How do I look for skin cancer?
Start by performing a self-exam
If you are a “good patient” who goes to visit your Primary Care Physician yearly, then ask your doctor to perform a skin examination during your annual physical. Additionally, you should perform a self-check at least several times throughout the year. If you have a history of: extensive sun exposure and sunburn easily, have fair skin color or freckles, a family member who has been diagnosed with melanoma, or other risk factors — you should be especially attentive by examining your skin monthly. Nonetheless people of all races, skin colors, gender, and ages can be at risk for getting skin cancer. Stressing the importance of self-skin-examine on a regular basis is crucial.
How do I perform a self-exam?
Examining your skin is easy and doesn’t take much time at all. All you need is good light, a hand-held and full-length mirror, and a comb. . As you look at each part of your body, study the pattern, location and size of blemishes on your skin so that you can rapidly become aware of any changes that occur. The purpose is to get to know your skin, so that you’ll be able to notice anything of potential concern. Cancerous growths may appear anywhere, including areas not usually exposed to sunlight, and be aware that some skin cancers are not caused by the sun at all.
Here are the steps to follow:
1. After a bath or shower, examine your face and head, using both mirrors for hard-to-see areas. Use a comb to check your scalp under your hair. Check your ears, under your chin, and your neck.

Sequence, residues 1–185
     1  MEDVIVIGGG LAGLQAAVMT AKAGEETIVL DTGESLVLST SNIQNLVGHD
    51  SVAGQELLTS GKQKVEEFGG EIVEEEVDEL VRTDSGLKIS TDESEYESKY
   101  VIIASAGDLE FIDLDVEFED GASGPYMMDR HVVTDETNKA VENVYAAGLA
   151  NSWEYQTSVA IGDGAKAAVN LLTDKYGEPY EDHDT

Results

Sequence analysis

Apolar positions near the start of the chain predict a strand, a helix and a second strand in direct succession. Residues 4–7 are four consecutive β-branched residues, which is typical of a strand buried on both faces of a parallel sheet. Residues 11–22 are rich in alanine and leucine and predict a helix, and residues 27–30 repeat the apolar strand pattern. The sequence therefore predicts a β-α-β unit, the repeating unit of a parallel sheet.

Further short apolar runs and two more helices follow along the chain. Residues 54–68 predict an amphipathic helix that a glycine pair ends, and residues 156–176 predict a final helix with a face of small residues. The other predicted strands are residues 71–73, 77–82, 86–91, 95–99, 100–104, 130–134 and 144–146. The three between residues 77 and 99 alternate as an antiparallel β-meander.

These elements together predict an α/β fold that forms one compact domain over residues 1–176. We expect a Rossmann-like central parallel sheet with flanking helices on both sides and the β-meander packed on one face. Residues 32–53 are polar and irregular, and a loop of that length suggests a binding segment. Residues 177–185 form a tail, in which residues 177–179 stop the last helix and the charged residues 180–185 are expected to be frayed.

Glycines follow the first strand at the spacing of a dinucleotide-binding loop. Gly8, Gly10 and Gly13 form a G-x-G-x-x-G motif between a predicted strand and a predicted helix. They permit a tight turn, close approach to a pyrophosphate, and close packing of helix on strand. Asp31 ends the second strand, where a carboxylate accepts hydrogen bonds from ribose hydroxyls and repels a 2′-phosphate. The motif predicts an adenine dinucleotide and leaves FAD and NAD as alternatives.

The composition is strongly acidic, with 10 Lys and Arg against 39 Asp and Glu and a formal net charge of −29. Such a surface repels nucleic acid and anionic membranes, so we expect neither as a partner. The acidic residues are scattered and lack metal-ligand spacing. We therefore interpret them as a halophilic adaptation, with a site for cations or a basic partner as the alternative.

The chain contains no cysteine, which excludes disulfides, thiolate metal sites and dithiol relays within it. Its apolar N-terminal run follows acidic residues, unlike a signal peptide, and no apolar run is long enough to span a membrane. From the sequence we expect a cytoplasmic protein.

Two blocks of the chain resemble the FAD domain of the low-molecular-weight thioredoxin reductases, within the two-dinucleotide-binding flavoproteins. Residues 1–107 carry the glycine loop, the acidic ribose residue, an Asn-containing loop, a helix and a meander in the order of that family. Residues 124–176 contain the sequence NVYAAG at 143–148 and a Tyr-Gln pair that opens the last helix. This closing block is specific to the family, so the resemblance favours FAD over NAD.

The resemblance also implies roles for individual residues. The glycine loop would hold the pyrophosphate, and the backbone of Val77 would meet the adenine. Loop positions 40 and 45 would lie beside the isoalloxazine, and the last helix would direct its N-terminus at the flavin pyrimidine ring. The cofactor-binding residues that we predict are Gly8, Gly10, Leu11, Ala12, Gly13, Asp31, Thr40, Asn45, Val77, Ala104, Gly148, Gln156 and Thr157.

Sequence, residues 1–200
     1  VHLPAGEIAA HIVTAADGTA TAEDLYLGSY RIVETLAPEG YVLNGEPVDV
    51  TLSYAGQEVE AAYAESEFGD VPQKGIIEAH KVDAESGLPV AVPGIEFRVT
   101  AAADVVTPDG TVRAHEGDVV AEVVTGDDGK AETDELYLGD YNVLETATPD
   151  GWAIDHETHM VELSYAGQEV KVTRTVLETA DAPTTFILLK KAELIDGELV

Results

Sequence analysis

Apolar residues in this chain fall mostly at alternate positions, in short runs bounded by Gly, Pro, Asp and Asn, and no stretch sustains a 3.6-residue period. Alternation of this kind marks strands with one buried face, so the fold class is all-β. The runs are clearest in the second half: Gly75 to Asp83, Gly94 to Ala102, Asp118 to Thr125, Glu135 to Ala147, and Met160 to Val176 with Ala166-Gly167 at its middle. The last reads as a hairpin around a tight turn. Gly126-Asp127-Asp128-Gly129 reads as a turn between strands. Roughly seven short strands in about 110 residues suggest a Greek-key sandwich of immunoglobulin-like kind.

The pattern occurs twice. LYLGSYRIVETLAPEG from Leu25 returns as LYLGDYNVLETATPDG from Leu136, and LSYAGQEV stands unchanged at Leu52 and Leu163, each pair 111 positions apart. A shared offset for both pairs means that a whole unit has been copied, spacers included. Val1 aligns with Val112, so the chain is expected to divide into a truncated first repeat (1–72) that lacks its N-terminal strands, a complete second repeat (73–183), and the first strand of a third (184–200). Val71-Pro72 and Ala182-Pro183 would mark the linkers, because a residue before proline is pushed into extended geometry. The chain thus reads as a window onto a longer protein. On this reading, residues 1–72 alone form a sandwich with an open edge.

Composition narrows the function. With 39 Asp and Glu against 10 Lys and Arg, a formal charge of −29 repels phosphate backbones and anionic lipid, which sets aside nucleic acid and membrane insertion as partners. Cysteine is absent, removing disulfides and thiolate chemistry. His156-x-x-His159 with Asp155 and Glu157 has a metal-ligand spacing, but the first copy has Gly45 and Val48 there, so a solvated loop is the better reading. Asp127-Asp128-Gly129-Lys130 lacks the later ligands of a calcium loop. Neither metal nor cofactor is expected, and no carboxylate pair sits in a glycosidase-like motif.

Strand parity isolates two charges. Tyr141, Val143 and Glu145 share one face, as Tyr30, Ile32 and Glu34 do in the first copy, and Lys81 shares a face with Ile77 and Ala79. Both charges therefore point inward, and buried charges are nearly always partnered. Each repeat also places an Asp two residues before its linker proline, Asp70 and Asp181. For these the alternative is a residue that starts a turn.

2. Examine the tops and bottoms of your hands, including in between your fingers and your fingernails.
3. Examine your forearms, upper arms, underarms, chest and belly. Women will need to check the skin under their breasts.
4. Sit down and check your thighs, shins, tops and soles of your feet, toes, in between your toes, and toenails. (60% of melanoma cases in African-Americans occur on the feet, so be sure to examine your feet as well.)
5. With the hand-held mirror, check your calves and the backs of your thighs, lower back, buttocks and genital area, upper back, and back of your neck. (The legs and upper back are the areas most prone to melanoma, so be thorough.)
What exactly should I look for?
Here are some more specific warning signs:
- new red or darker colored flaky patches or nodules
- new firm, flesh-colored bumps
- bleeding sores that don’t heal after 2 to 3 weeks
- change in the size, shape, color, or feel of a mole (look for specific features that may be indicative of melanoma, the deadliest form of skin cancer, such as: a mole that is painful or itchy, larger than 6 millimeters across, irregularly shaped, multi-colored, or with an ragged border) What should I do if I see something suspicious?
If you’re in question, or have concerns about a new mole, lesion, freckle, or bump, that has appeared on your skin, contact your Plastic Surgeon, Primary Care Physician or Dermatologist as soon as possible. Your doctor will examine the area in question closely, possibly using a dermascope (a special skin microscope) or obtaining a biopsy (a sample of the skin). It is also important to remain calm, since the majority of moles and blemishes are not cancerous.
If you are looking to have your skin examined, or have a lesion, mole, or bump in question …call us today to schedule your exam!!! 310.853.5147
Often times, your *health insurance will cover these services *depending on your benefits and condition.